Gov. J.B. Pritzker has signed Senate Bill 805 to implement a program to distribute unused school lunches to needy students, but questions remain about just how the program will be implemented by school districts across the state.
State Rep. LaToya Greenwood, who is a co-sponsor of the legislation, said the program will make sure unused food at the state’s more than 850 school districts goes to those who need it most.
The unused food program will be implemented by local school districts, which are now required to come up with a plan to distribute food to families of students who may not get enough to eat at home.
The program will be a “joint effort between school districts and their local health departments,” Greenwood said.
“The food sharing program will be focussed around needy students and be jointly supported by the school district’s local health departments,” she said.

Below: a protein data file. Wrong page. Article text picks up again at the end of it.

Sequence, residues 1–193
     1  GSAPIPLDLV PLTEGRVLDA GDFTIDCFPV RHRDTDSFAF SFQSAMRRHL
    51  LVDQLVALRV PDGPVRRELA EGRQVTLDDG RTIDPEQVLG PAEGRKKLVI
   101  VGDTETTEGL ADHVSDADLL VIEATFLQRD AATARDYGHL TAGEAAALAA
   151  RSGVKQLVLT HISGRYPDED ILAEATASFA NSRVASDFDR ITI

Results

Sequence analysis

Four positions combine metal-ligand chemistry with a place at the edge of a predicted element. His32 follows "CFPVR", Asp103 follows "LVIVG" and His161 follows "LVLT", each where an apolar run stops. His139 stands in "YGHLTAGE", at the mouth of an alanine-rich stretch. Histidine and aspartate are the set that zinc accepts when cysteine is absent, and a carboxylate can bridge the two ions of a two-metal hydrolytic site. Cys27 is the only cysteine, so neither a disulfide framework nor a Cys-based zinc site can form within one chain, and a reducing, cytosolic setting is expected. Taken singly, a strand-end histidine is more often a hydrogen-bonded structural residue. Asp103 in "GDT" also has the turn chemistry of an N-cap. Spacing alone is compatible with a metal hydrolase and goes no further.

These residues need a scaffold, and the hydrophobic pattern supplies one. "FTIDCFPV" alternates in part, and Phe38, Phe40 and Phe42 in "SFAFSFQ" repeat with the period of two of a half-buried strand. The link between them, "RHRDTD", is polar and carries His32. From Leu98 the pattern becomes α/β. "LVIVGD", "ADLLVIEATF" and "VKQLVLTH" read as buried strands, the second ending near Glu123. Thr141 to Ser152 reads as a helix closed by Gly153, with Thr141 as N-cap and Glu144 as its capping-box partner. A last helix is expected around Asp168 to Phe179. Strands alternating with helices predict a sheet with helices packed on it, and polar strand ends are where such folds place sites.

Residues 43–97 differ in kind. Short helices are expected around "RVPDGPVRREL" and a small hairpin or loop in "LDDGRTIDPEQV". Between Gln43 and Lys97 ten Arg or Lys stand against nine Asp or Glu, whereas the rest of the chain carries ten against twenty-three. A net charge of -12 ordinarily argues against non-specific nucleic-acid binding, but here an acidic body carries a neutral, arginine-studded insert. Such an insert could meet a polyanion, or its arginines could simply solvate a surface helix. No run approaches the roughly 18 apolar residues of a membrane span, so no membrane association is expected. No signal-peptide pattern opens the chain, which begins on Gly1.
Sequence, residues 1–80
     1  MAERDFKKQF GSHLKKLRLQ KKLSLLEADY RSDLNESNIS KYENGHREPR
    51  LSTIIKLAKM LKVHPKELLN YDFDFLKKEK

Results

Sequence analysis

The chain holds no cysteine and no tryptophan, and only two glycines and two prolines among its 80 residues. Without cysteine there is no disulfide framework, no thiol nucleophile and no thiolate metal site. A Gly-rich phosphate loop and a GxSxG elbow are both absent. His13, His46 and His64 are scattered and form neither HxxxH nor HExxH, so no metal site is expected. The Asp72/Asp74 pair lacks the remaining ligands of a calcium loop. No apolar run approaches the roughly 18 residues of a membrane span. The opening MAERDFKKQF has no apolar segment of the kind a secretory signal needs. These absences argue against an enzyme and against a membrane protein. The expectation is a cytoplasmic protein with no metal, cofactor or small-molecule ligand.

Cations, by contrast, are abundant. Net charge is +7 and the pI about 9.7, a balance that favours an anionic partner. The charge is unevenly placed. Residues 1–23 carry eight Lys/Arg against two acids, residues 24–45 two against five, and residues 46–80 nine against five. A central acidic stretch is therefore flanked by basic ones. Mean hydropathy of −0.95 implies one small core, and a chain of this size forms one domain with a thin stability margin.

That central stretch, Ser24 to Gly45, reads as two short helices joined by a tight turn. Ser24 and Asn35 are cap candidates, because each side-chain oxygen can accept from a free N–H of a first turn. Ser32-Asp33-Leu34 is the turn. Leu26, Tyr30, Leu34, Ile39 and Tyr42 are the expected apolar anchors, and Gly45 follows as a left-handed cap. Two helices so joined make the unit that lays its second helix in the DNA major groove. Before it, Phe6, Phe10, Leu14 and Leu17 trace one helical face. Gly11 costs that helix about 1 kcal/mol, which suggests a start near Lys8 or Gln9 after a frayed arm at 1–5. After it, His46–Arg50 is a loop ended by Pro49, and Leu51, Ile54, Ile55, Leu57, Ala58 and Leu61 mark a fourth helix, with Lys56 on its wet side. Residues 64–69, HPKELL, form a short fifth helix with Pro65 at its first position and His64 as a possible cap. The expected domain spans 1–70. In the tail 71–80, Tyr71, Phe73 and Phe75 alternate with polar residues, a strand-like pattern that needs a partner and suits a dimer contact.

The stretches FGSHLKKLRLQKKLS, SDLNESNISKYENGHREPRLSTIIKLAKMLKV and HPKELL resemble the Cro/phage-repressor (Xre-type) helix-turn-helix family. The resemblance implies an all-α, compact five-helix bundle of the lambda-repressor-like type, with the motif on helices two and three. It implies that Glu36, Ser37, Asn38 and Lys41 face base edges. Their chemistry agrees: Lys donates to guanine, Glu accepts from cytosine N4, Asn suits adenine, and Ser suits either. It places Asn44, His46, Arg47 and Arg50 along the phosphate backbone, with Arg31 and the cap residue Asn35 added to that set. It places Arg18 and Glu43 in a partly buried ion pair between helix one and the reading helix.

While many lawmakers and school officials said they are in favor of the idea, some had questions about distribution and other issues.
Deanna Sullivan, director of governmental relations with the Illinois Association of School Boards, said that school districts could run it to problems with distribution. The law could also require extra work for school districts.
“There is no question if there is unused food that it should go to needy students, the thing we are concerned about is the requirement of school districts coming up with their plans and implementation,” Sullivan said.
The legislation comes at a time where many families of students do not have an adequate amount of food at home. According to a report, 9.9% of households in Illinois deal with food insecurity.
The program will be implemented during the 2021-2022 school year.
This article was originally posted on Pritzker signs bill for unused school lunch program